Mali towns marked by fighting, airstrikes in battle against al-Qaida
Friday, January 18, 2013
BAMAKO, Mali (AP) — French special forces inched closer to an al-Qaida-held town, fighting erupted in another center and army troops raced to protect a third, as the Islamic extremists controlling northern Mali ceded no ground Thursday, digging into the areas they already occupy and sending out scouts to widen their reach.
Banamba, a town just 90 miles from the capital, Bamako, was put on alert overnight and a contingent of roughly 100 Malian soldiers sped there on Thursday after a reported sighting of jihadists in the vicinity, the closest the extremists have come to the seat of government of this West African country, officials said.
France has encountered fierce resistance from the extremist groups, whose tentacles extend not only over a territory the size of Afghanistan in Mali, but also another 600 miles to the east in Algeria, where fighters belonging to a cell in Mali stormed a BP-operated plant and took dozens of foreigners hostages, including Americans in retaliation for the French-led military operation in Mali. They demanded the immediate end of the hostilities in Mali, with one commander, Oumar Ould Hamaha, saying that they are now “globalizing the conflict” in revenge for the military assault on Malian soil.
The first Malian troops arrived in Banamba late Wednesday, with a second group coming on Thursday. The small town northeast of Bamako is connected by a secondary road to the garrison town of Diabaly, which was taken by Islamic extremists earlier this week, and has been the scene of intense fighting with French military, as French troops continued to move closer, following another night of airstrikes.
To the south of Banamba, flanked by emerald rice fields, and crisscrossed by irrigation canals, is the first government-held city, Niono. And another 75 miles south is Segou, one of the largest towns in Mali, and the administrative capital of its central region. As refugees from Diabaly continued to flee south, authorities announced a state of alert including the closure of the largest road after sundown, fearing that the al-Qaida-linked fighters would try to infiltrate the towns in the south.
“Starting at 6 p.m. tomorrow night, the road between Segou and Niono, the M33 highway, will be closed,” said the Prefect of Niono Seydou Traore. “Neither cars, nor motorcycles, nor people on foot will be able to travel, as a security measure.”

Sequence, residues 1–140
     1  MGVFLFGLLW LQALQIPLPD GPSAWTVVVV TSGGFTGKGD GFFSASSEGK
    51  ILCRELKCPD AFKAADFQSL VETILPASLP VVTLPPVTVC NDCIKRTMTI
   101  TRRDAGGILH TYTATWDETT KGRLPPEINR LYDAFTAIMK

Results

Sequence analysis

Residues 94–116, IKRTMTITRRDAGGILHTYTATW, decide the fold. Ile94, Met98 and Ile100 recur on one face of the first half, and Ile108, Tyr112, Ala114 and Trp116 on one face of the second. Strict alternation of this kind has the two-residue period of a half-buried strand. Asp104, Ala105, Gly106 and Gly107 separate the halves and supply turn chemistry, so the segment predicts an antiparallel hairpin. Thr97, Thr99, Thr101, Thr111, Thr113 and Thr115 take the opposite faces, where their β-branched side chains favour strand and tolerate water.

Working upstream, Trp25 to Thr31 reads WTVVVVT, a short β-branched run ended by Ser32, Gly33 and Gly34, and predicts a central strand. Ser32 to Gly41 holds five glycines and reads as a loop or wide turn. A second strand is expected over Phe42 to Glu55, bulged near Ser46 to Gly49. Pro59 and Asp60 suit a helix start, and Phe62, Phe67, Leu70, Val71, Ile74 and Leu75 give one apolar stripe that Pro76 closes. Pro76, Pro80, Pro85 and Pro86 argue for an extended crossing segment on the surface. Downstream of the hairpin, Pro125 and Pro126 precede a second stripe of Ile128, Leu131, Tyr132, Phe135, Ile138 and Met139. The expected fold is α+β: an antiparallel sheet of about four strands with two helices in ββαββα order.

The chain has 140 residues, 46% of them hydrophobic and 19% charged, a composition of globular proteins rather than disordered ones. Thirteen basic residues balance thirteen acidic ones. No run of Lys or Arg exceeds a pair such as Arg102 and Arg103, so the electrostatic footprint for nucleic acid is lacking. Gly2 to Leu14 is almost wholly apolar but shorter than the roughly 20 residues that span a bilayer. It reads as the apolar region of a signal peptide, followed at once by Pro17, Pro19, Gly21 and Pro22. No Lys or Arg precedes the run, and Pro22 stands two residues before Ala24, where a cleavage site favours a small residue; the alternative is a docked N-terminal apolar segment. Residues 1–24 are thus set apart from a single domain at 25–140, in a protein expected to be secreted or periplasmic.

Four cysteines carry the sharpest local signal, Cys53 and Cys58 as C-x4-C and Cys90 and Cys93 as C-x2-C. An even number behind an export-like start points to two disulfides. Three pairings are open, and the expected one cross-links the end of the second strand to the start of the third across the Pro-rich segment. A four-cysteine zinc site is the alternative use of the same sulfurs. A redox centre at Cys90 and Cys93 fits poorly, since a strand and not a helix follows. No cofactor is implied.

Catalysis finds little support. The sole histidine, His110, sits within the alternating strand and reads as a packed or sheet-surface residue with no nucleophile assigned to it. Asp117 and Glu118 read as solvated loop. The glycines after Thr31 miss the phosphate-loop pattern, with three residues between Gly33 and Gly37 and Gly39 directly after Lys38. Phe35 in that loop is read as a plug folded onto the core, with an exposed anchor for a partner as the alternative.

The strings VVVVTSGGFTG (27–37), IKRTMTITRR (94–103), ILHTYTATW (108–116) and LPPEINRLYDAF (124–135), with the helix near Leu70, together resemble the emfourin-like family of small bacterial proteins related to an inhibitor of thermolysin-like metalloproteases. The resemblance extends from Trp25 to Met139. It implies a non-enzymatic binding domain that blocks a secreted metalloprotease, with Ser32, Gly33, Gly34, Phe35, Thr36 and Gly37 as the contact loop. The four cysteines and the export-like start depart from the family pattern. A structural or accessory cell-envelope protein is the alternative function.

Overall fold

A city official in Banamba who insisted on anonymity because he is not authorized to speak to the press, said they had received reports that a rebel convoy had left Diabaly on the road headed to Banamba.
“We don’t have a (military) base here, we have no defenses. So the military has come to secure the town,” he said. “No jihadists have entered our town. But there are reports that a column (of rebel vehicles) was seen heading toward us from Diabaly.”
France has stepped up its involvement every day, after launching the first air raids last Friday in an effort to stop the rebels’ advance. On Thursday, it increased its troop strength to 1,400, said French Defense Minister Jean-Yves Le Drian.
“The actions of French forces, be it air forces or ground forces, are ongoing,” said Le Drian in Paris. “They took place yesterday, they took place last night, they took place today, they will take place tomorrow.”
After a meeting in Brussels of European Union foreign ministers, Malian Foreign Minister Tieman Hubert Coulibaly said it was necessary to mobilize “the entire international community” to help Mali and the region.
“What is happening in Mali is a global threat,” Coulibaly told journalists at a press conference. “Remember what happened on Sept. 11,” he said, referring to the terrorist attacks in the United States. “It is that terrorism can happen anywhere, at any moment, to anyone.”
He pointed out that the hostage-taking in Algeria revealed to the world the true nature of the extremists. At least 34 of the hostages and 15 kidnappers were killed on Thursday, after Algerian helicopters strafed the remote Sahara gas plant, located in far eastern Algeria, according to the Nouakchott Information Agency, which carries reports from al-Qaida’s groups in Africa.
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